I was thinking this week about certain of my artist friends, and that got me reflecting on the nature of creative support. Some people seem to think that the best way to support an artist is to gush to them about their work as much as possible, but that is definitely not the case. (Erik taught me a new word tonight: grinfucker. It comes from the corporate world, but is just as applicable to creative work.) Personally, I like about a 60/40 ratio of complimentary and critical feedback — but I want it to be intelligent, not just lip service. I’ve written before about how there’s an art to both praise and critique. But hey, I don’t expect everything from everyone. I have an amazing number of supportive friends, who all back me up in different ways. In thinking about them, I realize they break down into a few general types.
The cheerleader is usually a friend or family member, someone who knows me well and supports me in more than just my creative work. Cheerleaders are 100% positive: they come to my shows, they never say anything but wonderful things about my work, and I know I can count on them anytime for a friendly hug or a reviving phone call. Being with them is restful; I can relax with them and not have to mention my work at all. Their role is to be there for me in whatever I do, whether it’s writing a book or moving house.
The audience fills much the same role as the cheerleader, but from a greater distance. An audience member might be an acquaintance, or a friend who lives far away or is ridiculously busy. They can’t provide as much on-the-spot support as the cheerleader, but they still check in with me from time to time and tell me they’re following my work and rooting for me.
The creative comrade (fellow artist)
In my experience, my fellow artists aren’t always as reliable as my cheerleader friends when it comes to material resources, time, or their social schedule. But they make up for it by knowing exactly what I’m talking about when I describe a project, or being able to give thoughtful feedback when I need it. My creative comrades include writers, bloggers, visual artists, crafters and entrepreneurs.
The creative connoisseur fills much the same role as the creative comrade, but doesn’t necessarily identify as an artist. The connoisseur might be an enthusiastic and critical reader, a scholar, or a non-artist who’s dabbled creatively for years. She might not be as familiar with the ins and outs of the creative process (but then, she might be, from reading artist diaries or having a lot of other artist friends!), but she can give just as intelligent, relevant feedback as any fellow artist.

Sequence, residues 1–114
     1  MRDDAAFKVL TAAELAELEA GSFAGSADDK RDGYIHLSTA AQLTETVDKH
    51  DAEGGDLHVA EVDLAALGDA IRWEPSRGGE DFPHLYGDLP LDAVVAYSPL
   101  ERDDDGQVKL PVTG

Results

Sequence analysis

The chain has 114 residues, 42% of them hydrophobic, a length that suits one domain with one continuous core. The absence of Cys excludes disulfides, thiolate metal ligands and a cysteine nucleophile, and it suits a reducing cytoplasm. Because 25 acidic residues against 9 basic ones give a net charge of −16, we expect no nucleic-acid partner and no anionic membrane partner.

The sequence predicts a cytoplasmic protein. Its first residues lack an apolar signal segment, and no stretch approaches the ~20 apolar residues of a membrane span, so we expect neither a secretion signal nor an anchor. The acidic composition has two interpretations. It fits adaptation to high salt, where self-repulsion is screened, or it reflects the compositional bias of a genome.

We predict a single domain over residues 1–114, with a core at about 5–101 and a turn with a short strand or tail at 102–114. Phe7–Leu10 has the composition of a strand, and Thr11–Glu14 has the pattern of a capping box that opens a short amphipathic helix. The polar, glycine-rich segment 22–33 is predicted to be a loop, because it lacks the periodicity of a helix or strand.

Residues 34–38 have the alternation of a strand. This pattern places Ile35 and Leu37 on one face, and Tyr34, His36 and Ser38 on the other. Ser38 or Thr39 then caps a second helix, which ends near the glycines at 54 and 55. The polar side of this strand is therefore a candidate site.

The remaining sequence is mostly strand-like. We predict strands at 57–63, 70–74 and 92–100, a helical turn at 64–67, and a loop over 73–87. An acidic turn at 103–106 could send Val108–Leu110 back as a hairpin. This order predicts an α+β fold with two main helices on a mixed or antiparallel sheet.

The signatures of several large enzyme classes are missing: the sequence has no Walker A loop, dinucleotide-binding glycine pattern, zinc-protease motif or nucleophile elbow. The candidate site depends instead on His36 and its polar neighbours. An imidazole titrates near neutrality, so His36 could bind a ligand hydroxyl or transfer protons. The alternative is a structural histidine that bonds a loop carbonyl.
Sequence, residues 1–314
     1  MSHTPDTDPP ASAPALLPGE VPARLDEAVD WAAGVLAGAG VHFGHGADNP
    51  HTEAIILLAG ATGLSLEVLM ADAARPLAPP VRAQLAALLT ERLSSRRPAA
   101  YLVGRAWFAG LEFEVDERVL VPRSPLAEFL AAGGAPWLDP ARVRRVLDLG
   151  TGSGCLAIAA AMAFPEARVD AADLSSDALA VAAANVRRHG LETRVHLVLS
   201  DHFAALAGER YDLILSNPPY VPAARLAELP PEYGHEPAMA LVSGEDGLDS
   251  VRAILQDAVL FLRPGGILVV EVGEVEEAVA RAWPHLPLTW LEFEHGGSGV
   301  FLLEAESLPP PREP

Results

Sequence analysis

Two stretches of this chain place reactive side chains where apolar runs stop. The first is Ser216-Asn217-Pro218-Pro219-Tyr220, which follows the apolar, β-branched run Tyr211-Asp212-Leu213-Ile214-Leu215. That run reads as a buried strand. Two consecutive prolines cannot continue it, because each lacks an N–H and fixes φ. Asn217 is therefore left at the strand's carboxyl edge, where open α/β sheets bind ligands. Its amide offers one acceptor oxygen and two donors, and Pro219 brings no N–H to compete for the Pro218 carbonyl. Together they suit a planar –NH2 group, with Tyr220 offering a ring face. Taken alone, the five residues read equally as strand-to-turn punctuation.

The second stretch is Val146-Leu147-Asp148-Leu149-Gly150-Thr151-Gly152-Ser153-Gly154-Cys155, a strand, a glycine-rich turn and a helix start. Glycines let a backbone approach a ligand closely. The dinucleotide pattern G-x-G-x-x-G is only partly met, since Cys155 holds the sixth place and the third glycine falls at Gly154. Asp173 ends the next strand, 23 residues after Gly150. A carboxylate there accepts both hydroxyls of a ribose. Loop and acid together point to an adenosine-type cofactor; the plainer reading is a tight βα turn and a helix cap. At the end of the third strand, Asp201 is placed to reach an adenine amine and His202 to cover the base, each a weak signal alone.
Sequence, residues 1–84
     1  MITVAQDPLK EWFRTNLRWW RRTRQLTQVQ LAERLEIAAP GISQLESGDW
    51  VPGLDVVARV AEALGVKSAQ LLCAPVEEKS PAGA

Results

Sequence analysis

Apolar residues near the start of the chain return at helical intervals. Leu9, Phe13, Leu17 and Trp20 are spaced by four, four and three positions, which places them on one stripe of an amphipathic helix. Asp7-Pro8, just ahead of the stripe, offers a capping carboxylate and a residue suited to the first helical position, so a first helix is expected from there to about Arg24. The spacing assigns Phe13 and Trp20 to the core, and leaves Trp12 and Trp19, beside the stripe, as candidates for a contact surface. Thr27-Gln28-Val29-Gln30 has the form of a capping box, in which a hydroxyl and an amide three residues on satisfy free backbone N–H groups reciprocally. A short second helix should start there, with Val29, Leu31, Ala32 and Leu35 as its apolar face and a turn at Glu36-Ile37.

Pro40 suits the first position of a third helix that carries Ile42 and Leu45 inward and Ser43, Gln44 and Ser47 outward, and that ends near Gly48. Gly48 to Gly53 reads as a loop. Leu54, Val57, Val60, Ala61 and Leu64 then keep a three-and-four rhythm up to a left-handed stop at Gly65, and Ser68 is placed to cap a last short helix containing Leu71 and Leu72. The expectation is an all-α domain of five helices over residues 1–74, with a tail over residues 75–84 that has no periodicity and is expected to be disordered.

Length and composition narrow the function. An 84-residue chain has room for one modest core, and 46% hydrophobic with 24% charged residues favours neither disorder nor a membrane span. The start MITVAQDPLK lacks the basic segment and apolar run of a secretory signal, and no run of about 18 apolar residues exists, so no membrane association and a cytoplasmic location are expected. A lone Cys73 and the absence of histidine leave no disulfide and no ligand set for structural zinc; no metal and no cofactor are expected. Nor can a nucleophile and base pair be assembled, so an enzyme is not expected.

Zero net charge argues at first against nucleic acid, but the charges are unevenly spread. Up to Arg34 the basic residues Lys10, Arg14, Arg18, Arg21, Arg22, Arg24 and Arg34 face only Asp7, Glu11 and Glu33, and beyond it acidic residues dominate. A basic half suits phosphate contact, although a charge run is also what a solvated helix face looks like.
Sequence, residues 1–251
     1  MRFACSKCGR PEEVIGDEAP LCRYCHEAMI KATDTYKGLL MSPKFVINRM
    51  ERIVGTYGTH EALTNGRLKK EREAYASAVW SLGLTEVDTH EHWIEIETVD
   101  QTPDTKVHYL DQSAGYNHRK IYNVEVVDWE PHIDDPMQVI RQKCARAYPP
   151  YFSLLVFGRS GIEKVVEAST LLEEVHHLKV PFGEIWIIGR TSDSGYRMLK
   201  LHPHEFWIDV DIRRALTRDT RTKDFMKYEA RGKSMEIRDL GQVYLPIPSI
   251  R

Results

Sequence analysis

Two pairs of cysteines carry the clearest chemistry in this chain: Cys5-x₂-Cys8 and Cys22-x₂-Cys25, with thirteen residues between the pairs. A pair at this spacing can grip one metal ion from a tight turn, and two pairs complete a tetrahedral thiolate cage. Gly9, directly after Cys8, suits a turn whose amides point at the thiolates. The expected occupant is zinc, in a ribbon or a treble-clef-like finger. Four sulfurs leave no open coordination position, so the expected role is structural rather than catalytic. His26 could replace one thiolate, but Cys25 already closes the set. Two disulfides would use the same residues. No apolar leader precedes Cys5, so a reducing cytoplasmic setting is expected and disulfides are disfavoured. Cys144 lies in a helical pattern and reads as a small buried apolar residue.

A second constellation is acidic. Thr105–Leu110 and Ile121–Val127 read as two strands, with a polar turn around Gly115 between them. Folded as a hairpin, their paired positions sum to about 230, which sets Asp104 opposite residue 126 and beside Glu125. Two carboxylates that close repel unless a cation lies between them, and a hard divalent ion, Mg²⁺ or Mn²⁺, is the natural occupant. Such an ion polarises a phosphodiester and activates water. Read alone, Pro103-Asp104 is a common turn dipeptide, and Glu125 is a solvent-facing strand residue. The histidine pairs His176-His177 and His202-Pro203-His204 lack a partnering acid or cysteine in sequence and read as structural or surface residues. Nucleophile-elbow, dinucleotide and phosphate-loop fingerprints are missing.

There are people in my networks whom I don’t see very often or even know very well, but who’ve stepped in at vital times to connect me to relevant people or information. These individuals are often older than I am, and they generally move in different circles. They might not have as much time to hang out, but they set me up with important resources and/or offer valuable advice from their life experience.
If you have artist friends and want to support them, think about which of these you’re best suited to be. If you can’t come up with critique to save your life, but love everything your friend does and are happy to show it, you can be a cheerleader or an audience member. If you’re more critical, find out what kind of feedback your friend can handle (tough love? very gentle comments?), and then give it to them when they ask for it. If you don’t have a lot of time, but have a lot of connections, find out what your friend needs and then hook them up whenever you’re able. (But please be discerning; constantly forwarding marginally-relevant NYT articles or saying “I know someone who ___” isn’t valuable, it’s just annoying. ;b) Be assured that all these roles are important and needed, and of course they’re not set in stone; one person can easily fill multiple roles, depending on the situation.
At any rate, what matters is that you give your support mindfully. I’d rather have silence than empty praise. I’d rather hear “hey, I hardly ever have time to check your blog, but today’s post really resonated with me” than “you’re so talented, I can’t believe you do all those things!” I’d also rather know “I feel really uncomfortable with the direction you’ve been taking recently in your writing” than hear your reservations on whether art is a viable career path. Don’t feel obligated to give anything more than you can, but when your intention is to lend support, do it with awareness and honesty and compassion, and that is all I can ask.
Fellow artists, do you have all these supporters in your own lives? Are there other roles you’d add to my list?
Images from Wikimedia Commons.
The Benefactor role: Someone who always buys something or donates money or time to help you meet your goals.
I like the sound of that! 🙂
Good one! Similar to the mentor/link role I mentioned, but more explicitly giving. Very important. 🙂
Great post. I don’t think I’ve ever seen anyone take on this topic and break it down like this. I would hope to be the mentor type but more than likely am more like the creative comrade!
I think of you as a creative comrade, for sure! Glad the post struck a chord with you. When I sat down to write it, I was thinking I was going to write something quite different, and after I came up with this I kind of stared at it and didn’t know why I’d written it. I just knew I felt compelled to make a list of supportive roles.
This is such an awesome post! It was so interesting to think about how I fit into different roles, depending on whom I’m supporting, and it was eye-opening to think about my own circle of supportive friends through this lens.
Thanks so much, Mo! As I wrote to Lisa above, I don’t really know why I wrote this post, except that it was interesting for me to think about too. 🙂 I would say that in my life you fill several of these roles all at once. 😉